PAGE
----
I was just watching "Ratches And Wrenches" where he had a truck which would not shift. He did a transmission fluid and filter change and then removed the solenoid and replaced with a new one. But at one point showed how the solenoid had its own little grills, like a filter, and how they were blocked up with metal bits. He said he could probably clean it but would not risk it as he had the new part.

This got me thinking why in general do we not include this solenoid cleaning when we have the pan dropped and fluid changed?

It appears it would only take a minute or two, and worse case, just require a couple of new o-rings.

Is there some type of inherit risk of future failure if you remove and clean the solenoid?

Any other reason why this would not be recommended?

Seems silly to clean the fluid, change the filter but leave the solenoid clogged a bit so the pressure sensor cannot get correct data.

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As he was, apparently solving a specific issue "not shifting" then changing the solenoid could have been part of the solution or most of it and the fluid change only incidental.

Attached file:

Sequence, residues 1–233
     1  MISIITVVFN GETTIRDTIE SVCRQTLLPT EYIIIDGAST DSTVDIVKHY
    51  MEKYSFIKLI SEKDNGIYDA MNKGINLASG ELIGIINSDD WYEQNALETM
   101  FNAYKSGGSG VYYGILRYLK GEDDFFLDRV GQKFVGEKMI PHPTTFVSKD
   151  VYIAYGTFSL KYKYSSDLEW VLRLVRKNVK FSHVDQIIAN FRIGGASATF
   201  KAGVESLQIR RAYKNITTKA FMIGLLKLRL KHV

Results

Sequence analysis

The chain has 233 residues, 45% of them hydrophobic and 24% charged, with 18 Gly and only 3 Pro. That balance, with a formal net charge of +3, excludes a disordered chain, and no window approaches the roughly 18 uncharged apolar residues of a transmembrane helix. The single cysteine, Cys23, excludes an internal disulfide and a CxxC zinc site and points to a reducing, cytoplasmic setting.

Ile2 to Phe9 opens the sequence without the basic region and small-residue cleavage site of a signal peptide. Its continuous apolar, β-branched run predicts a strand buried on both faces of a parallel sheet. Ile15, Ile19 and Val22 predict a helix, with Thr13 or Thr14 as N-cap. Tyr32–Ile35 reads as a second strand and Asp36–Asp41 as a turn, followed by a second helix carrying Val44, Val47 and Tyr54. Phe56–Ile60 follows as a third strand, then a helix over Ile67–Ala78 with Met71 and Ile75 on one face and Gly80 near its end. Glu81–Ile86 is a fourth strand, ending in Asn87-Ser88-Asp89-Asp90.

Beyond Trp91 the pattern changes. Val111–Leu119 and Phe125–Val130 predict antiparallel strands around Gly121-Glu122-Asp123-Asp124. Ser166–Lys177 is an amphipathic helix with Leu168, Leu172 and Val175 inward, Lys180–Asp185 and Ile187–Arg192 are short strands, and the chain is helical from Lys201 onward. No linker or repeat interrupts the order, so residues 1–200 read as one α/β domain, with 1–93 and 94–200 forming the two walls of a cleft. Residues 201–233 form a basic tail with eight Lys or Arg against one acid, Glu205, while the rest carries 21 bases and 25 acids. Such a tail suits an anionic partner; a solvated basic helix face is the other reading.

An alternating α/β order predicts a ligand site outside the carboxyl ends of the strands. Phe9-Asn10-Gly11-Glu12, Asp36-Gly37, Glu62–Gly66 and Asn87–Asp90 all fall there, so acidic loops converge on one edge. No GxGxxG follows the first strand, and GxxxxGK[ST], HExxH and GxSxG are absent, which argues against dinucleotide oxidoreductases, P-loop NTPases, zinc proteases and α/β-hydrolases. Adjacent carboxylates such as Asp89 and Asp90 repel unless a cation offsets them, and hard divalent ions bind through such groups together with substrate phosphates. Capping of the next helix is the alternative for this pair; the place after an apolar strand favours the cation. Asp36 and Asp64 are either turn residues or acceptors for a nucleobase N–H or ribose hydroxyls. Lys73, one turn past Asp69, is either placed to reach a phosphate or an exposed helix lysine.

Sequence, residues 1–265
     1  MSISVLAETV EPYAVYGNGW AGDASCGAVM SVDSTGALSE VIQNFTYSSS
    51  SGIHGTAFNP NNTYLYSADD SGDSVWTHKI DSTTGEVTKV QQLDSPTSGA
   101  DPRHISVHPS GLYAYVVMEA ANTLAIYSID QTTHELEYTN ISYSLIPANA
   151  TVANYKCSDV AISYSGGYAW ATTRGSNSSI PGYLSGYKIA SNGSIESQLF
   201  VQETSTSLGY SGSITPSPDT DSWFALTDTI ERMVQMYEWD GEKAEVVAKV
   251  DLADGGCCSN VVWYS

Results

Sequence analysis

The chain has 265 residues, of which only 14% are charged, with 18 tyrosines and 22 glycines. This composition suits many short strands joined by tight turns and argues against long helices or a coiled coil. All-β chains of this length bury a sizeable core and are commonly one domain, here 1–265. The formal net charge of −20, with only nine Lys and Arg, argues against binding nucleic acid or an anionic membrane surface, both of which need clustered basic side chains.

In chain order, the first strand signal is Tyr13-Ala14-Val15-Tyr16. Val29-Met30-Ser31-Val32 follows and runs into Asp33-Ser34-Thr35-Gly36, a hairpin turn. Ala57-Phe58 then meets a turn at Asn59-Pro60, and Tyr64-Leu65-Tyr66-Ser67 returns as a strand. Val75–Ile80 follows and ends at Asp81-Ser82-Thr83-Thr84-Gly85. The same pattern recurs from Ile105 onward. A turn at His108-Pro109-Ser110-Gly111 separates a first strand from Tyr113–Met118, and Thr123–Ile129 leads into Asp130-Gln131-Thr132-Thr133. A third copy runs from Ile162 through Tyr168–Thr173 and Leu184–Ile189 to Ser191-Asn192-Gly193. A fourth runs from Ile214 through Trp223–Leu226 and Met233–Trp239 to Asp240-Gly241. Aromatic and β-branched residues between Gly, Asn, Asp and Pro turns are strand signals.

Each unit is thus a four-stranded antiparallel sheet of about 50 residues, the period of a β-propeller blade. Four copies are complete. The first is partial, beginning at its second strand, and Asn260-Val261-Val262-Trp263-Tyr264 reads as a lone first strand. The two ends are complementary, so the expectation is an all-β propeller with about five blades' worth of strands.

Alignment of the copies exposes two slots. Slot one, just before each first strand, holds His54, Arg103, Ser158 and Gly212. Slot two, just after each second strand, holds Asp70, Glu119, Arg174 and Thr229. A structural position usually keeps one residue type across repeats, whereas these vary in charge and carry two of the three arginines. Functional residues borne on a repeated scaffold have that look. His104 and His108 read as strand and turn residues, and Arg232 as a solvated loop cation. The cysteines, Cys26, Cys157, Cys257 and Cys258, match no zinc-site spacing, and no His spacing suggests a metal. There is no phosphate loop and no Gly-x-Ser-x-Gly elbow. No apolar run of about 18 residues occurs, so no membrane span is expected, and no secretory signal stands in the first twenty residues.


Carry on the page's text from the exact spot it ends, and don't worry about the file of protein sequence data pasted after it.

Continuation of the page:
For a simple fluid change without shifting issue why replace something without reason? "If it ain't broke, don't fix it"

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  • I do hear if its not broke don't fix it a lot. I'm completely new to car maintenance so noob's ask such questions. It seems to me in this case if the solenoid is a little clogged, then pressure sensor will get low readings which will have a measurable effect like delayed cooling fan activation and more heat in the transmission. Normally I agree, but I would argue that anything that could increase the heat of a component, would qualify as 'partially broken' and not 'ain't broke' ? – Chris Mar 22 '17 at 17:56
  • Note also I read your response carefully. I was not suggesting replacing the solenoid. Merely to remove it, clean it and replace it, with perhaps a few cents for o-rings. cheers. – Chris Mar 22 '17 at 17:57

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